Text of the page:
Cassie and Maddy aren’t high-flying, Yale-bound overachievers who read Rookie and fill in their meager sex ed with actual facts from Scarleteen. They’re both dating football players, and they have subsisted on a steady diet of contradictory messages telling them to be sexy but not slutty, cool but not careless, and that the best thing they can hope to be is hot. That ideology is upheld by their parents. Amy Poehler’s comedic take on the Juicy Couture-sporting, chardonnay-guzzling Cool Mom in Mean Girls has been supplanted by something much darker in Euphoria. Cassie’s Cool Mom is either oblivious or in denial about what’s happening in her daughter’s life.

Options are limited for girls like Cassie and Maddy. They can disengage from the social strata of high school or find a way to cope. Coping, in this universe, means reclaiming agency in bits and pieces and telling yourself that the decisions you’re making are your own, even when they’ve been shaped by a culture that has little regard for you. You concoct ways to make yourself matter: by having public sex in a swimming pool to make your boyfriend jealous, by participating in a beauty culture ruled by Instagram influencers and butt injections.

That is what powers the show through its equal-opportunity nudity. I have seen more penises in four hours of Euphoria than I have encountered in 30 years of television-watching. But none of this matters if the show isn’t any good. Penises and a plethora of scary-sounding street pharmaceuticals will only hold an audience’s attention for so long.

Levinson, thankfully, is interested in more than that. He opens each episode by focusing on a different character. Zendaya, as Rue, is an omniscient narrator for these sketches. Her delivery is flat without being monotonous, like a person who’s seen too much and is already, like, over it. Rue’s barometer for what constitutes normalcy is not like yours and mine, and yet Zendaya’s line reading goes a long way toward making you believe that maybe it’s not that far off.

The friendship between Jules and Rue is the show’s strongest feature. They’ve both been forced to grow up fast, in ways they’re ill-equipped to handle, and they are the ports in each other’s storms. I’m eager to see what the show does as its big secrets reverberate through the community it’s built. Moreover, I’m hoping that folks can see past the condemnations of its nudity and drug use, which are really unfulfilling escapes from the Age of Anxiety and a societal mess that’s been decades in the making.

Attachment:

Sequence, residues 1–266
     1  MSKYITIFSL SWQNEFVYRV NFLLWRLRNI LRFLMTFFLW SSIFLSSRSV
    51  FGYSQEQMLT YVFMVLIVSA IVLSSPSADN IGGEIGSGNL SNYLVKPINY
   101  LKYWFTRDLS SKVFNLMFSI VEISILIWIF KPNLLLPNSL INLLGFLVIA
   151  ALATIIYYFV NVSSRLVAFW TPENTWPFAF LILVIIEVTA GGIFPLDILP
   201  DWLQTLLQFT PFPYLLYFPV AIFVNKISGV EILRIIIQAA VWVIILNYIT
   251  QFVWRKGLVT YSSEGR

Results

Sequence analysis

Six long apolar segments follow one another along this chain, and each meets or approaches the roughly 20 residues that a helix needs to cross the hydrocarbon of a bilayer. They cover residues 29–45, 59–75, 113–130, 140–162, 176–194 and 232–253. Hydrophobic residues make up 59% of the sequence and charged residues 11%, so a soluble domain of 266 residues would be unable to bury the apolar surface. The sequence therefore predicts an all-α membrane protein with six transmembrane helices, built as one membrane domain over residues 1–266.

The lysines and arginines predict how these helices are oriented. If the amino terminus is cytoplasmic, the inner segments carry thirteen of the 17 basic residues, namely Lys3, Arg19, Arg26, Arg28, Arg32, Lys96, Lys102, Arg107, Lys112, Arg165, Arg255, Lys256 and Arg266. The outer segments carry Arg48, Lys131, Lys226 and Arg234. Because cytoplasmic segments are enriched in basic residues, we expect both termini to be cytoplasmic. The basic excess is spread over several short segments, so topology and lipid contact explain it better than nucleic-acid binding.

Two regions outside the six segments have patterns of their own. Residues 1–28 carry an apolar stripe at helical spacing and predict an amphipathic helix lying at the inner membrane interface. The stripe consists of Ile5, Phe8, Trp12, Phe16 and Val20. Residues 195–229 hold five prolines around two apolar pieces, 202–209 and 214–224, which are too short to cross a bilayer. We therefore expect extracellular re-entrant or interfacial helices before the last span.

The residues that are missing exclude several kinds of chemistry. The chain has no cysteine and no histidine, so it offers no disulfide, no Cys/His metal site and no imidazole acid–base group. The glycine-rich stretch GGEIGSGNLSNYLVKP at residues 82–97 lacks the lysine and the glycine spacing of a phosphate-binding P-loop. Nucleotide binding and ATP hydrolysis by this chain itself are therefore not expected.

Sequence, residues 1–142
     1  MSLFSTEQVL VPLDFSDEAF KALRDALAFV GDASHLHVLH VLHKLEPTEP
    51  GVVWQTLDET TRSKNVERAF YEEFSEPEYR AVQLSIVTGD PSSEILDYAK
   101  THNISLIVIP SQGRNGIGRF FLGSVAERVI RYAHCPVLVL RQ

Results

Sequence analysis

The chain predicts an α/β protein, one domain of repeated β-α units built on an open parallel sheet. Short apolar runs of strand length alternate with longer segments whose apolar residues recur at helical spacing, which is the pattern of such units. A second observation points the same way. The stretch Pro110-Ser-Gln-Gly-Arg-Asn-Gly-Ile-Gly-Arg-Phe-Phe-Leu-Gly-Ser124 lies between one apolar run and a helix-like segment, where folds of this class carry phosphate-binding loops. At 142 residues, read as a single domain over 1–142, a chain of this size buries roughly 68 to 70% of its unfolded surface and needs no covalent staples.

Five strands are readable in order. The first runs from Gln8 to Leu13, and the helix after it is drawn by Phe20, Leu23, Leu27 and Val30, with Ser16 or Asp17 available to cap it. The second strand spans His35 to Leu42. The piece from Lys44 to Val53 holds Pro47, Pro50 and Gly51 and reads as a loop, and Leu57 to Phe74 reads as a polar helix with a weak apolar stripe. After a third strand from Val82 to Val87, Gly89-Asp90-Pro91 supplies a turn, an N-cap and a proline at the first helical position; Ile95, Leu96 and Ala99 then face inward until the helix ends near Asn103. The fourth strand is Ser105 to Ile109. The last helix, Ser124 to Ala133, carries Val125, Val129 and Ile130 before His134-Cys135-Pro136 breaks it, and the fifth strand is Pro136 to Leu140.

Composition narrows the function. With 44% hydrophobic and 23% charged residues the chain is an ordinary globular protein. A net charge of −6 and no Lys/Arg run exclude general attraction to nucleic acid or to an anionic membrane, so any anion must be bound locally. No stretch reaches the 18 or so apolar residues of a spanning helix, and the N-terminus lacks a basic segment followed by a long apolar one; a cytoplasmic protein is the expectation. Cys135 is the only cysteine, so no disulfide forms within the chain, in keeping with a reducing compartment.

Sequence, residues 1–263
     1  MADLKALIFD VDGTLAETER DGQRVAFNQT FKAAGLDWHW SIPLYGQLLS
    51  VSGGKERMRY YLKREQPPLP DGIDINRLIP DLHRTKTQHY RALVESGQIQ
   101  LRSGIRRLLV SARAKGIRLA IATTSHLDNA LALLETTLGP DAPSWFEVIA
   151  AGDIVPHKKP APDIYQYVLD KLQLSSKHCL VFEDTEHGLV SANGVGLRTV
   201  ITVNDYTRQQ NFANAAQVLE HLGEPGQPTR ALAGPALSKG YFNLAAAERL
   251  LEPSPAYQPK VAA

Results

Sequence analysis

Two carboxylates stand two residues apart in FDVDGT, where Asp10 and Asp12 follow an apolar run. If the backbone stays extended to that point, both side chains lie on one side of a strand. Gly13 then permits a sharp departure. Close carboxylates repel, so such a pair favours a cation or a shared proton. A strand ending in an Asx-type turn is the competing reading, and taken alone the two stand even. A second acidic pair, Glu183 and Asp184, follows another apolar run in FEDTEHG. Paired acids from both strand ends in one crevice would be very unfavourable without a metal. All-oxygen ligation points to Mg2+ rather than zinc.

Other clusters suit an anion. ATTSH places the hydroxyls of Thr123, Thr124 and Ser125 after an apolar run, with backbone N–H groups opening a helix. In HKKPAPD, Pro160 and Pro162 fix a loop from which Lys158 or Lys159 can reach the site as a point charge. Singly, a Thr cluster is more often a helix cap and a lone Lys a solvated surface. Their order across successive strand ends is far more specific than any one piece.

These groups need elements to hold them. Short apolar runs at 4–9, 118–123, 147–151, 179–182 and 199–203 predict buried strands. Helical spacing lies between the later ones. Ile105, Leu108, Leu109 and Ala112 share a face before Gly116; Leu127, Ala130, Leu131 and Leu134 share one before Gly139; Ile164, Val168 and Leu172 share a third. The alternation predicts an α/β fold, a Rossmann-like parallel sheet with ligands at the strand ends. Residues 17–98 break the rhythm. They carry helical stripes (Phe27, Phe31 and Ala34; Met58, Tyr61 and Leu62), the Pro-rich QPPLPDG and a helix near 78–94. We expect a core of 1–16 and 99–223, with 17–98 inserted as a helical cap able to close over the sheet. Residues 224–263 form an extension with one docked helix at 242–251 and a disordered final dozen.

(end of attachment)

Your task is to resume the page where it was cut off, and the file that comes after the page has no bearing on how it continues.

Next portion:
Damon Young of Very Smart Brothas worries about everything. A lot. His new book, ‘What Doesn’t Kill You Makes You Blacker,’ takes you into the brain of the most anxious black man in Pittsburgh

Damon Young is a Very Smart Brotha who is riddled with neuroses. And now, everyone who buys a copy of his first solo book will know all about them.

In What Doesn’t Kill You Makes You Blacker, Young offers, among other things, an accounting of the ways he has bumbled through life narrowly avoiding death by embarrassment. At a recent event in New York, Young found himself mortified anew when journalist Nikole Hannah-Jones asked him to read aloud the most cringe-inducing part of the whole book. It’s a paragraph in which Young shares the details of a hapless sexual encounter he describes as “an hour of attempting to re-enact the saddest Penthouse letter ever.”

Besides being the author of the new memoir and essay collection, Young is the co-founder of the popular site Very Smart Brothas. He’s one of the internet’s funniest social critics, offering opinions on everything from when black people are allowed to be ashy in public (during a polar vortex) to the correlation between being a black Republican and possessing a jacked-up hairline.

What Doesn’t Kill You tells the story of Young’s life in Pittsburgh as a kid who always felt slightly out of place. He grew up in the ’hood until his parents could afford to move to a quieter neighborhood in a better school district. He won a basketball scholarship to Canisius College in Buffalo, New York. He became a teacher and eventually a writer. But no matter where he went, Young insisted on overthinking everything and generally being as awkward as possible. His book tells us how he got through it, got married and started accepting the things that once made him insecure about himself, his masculinity and his blackness.

This interview has been edited and condensed for length and clarity.

When the word “neurotic” comes up, a deep-voiced former college basketball player isn’t the first image that comes to mind. Did you ever take antianxiety meds as a kid?

My antianxiety medication is Jack Daniel’s Tennessee Honey and maybe The Godfather and maybe an hour or two of basketball. So I guess I self-medicate in a way. You think of neuroses in culture and you think of someone like David Sedaris or Woody Allen or even [Jerry] Seinfeld. It’s a white person that you’re thinking about. White, middle- to upper-middle-class sort of person. Very often a man. And basically the sort of person who can afford to be anxious, who can afford to have neuroses because they don’t necessarily have these deep traumas happening in their lives. They have space to overthink, and they create work in that space. People almost expect that of them. It’s a part of the spectrum. Everyone has this spectrum of behavior that you assign to them, and when you look at a person like Woody Allen, that fits the spectrum. If Woody Allen won the slam dunk contest in the McDonald’s All American contest, you’d be like, ‘Holy s—.’ That doesn’t fit.